ROBERT SIEGEL, host:
Spain, like much of the rest of the world, is suffering the aftermath of a huge real estate bubble. There are close to one million vacant homes and offices in Spain. And European leaders are now worried that Spain might need a bailout of the kind worked out for Ireland in the fall.
Our Planet Money team's Chana Joffe-Walt found a writer in Madrid who can point to one spot that tells the entire story of Spain's boom and the bust.
CHANA JOFFE-WALT: You can see the spot from 30 miles away. Any direction, 30 miles away you look at Madrid and it's this expansive, flat city, in a valley surrounded by mountains. And then you look north and there they are - four shiny, new skyscrapers.
Ms. PATRICIA GOSALVEZ (Architecture Critic): Like UFOs, like rockets. It's like some aliens have landed at one of the ends of the city.
JOFFE-WALT: Patricia Gosalvez's writes about architecture in Madrid. And it's true - the four towers stand out. Stand tall and very glassy, all by themselves in that spot. Less than 10 years ago, this spot was soccer fields. Madrid's soccer team, Real Madrid, practiced here.
In 2001, though, things began to change in Spain. And the team did something hundreds of thousands of Spaniards would do in the following years. They looked at their land, they looked at all the new homes and resorts and office buildings shooting up everywhere, they looked back at their land and said, forget it, let's sell.
Ms. GOSALVEZ: The Real Madrid football club, by selling its training area, got 480 million euros. So they basically cleaned the debt and got enough money to hire more super-fantastic footballers.
JOFFE-WALT: While regular Spanish people were buying homes and second homes, civil servants with some family land were selling the land, factory workers became real estate developers. The soccer team bought four of the world's best soccer players, including David Beckham. Just Beckham cost close to $46 million.
These were flashy, pricey players who'd won games, sold jerseys, made movies and cell phone ringtones. They were known in Madrid as the Galacticos. Meanwhile, on the old Real Madrid playfields, Gosalvez, the architecture writer, says the aliens began to rise.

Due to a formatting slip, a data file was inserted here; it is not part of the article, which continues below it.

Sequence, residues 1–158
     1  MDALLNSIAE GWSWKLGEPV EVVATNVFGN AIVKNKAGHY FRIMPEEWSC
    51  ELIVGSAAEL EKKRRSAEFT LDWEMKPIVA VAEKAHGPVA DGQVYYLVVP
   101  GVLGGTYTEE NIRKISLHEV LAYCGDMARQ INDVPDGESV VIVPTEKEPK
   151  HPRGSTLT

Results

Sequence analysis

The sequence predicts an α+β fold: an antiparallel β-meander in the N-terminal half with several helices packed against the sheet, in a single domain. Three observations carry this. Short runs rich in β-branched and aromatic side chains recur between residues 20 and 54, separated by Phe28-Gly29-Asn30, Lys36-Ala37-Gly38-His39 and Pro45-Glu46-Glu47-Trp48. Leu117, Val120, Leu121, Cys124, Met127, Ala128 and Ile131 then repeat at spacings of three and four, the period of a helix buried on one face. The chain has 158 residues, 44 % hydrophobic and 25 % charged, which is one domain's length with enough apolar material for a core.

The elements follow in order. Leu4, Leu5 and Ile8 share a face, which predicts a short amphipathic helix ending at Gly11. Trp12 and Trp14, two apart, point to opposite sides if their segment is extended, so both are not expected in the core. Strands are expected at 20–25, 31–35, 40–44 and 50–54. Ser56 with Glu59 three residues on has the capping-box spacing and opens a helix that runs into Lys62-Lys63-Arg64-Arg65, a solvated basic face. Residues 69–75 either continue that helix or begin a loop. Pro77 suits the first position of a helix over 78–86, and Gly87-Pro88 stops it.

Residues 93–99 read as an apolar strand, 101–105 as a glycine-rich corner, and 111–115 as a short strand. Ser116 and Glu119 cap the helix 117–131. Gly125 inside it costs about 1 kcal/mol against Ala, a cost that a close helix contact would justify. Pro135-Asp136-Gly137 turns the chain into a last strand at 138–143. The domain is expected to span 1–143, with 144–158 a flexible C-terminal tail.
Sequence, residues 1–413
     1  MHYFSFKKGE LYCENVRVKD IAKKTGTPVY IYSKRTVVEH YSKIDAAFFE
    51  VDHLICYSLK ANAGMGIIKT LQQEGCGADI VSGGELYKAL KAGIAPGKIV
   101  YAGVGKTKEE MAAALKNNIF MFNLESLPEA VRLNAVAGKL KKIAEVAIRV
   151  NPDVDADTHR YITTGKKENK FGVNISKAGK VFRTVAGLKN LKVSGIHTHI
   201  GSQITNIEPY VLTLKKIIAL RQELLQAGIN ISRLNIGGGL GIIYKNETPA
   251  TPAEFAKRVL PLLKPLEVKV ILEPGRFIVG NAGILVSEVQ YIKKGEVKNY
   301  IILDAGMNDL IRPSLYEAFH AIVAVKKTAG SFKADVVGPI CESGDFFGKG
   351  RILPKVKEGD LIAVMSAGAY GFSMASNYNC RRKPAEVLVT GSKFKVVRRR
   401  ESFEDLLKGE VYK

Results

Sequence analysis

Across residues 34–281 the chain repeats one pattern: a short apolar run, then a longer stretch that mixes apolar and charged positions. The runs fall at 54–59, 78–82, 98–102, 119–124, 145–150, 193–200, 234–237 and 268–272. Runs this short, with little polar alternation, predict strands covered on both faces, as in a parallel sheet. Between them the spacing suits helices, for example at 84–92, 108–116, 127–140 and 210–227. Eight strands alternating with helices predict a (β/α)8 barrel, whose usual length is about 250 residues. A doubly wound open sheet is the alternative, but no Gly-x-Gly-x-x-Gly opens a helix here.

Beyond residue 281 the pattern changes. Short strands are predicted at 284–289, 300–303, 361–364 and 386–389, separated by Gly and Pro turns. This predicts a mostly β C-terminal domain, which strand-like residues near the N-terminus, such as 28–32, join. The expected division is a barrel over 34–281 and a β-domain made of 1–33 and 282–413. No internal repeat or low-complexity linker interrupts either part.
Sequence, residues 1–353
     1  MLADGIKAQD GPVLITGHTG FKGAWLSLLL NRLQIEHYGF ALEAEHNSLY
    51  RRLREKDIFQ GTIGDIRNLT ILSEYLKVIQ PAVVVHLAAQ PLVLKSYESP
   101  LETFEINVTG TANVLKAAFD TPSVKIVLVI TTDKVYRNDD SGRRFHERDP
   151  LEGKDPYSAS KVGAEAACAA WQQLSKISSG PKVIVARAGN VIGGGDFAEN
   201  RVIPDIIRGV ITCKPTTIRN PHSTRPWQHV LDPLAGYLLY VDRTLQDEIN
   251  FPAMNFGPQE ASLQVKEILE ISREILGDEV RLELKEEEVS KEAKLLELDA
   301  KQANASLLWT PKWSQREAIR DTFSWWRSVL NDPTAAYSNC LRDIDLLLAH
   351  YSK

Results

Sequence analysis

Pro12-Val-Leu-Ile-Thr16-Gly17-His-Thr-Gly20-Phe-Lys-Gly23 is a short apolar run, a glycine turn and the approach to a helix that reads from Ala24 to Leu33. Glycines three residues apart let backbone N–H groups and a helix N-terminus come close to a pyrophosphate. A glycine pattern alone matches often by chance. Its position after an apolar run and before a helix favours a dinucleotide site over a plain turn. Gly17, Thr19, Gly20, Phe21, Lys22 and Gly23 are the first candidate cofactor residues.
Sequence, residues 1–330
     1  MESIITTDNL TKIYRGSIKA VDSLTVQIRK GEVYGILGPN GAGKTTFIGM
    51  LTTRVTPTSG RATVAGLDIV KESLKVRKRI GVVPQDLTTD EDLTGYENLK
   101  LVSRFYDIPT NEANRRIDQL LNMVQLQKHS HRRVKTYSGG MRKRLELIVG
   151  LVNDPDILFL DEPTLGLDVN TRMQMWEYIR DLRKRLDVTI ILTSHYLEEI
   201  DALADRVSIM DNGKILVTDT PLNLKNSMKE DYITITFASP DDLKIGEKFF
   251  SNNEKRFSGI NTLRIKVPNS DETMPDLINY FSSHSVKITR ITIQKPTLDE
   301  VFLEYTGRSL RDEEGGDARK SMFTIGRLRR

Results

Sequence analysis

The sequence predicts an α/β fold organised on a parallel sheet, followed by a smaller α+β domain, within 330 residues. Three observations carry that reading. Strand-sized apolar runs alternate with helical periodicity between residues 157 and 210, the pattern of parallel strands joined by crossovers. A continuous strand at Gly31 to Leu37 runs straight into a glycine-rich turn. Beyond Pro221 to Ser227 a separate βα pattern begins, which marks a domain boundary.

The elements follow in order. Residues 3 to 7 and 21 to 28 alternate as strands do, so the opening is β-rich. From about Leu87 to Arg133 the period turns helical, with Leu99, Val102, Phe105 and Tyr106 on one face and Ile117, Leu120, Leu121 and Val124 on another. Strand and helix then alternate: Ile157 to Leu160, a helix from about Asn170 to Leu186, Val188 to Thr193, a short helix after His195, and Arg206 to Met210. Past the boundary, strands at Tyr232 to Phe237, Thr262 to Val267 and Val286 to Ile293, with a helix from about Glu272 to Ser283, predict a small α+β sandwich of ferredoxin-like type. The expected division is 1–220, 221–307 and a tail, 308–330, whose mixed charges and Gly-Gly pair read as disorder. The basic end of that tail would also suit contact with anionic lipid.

Ms. GOSALVEZ: In the first tower, we have allegedly the fastest elevator in Spain. It's a panoramic glass elevator. On your way up, you see the whole city.
JOFFE-WALT: Not to be outdone by the first tower, the second tower installed its own superlative: a two-story panoramic restaurant.
Ms. GOSALVEZ: That is one of the highest, if not the highest, restaurants in Spain.
JOFFE-WALT: And the third tower, 50 floors up...
Ms. GOSALVEZ: That's the highest vertical European garden. It has over 20,000 plants.
JOFFE-WALT: The fourth went with a chapel, of course the highest chapel in Spain.
The owners of the four skyscrapers could spend on vertical gardens and fast elevators because they were making lots of money from the real estate boom. Those four owners - two construction companies, an insurance company and a savings bank.
But as the towers rose in Madrid, people weren't thinking about the owners.
Ms. GOSALVEZ: At a point it was rumored that the four towers would be called with names of football players, like tower Reynaldo, tower Beckham or whatever.
JOFFE-WALT: That never happened. The four buildings were completed in 2007, 2008, then 2009. The year it was clear. It was all over. People were not renting office space. Unemployment went up to 20 percent. Construction companies went going bankrupt. And all those loans banks handed out, they were clearly not all coming back. The four towers are currently 75 percent unoccupied.
Ms. GOSALVEZ: They are a metaphor of the boom and how big we thought and how little we achieved through it.
JOFFE-WALT: You can add these four buildings, or at least 75 percent of them, to the one million vacant properties in Spain. And next year, more will be added to that. The question no one knows the answer to right now is how many. And the answer to that question matters because it's a difference between a problem that remains in this spot, slowly gets better or one that spreads to the rest of the Europe.
Chana Joffe-Walt, NPR News.
NPR transcripts are created on a rush deadline by a contractor for NPR, and accuracy and availability may vary. This text may not be in its final form and may be updated or revised in the future. Please be aware that the authoritative record of NPR's programming is the audio.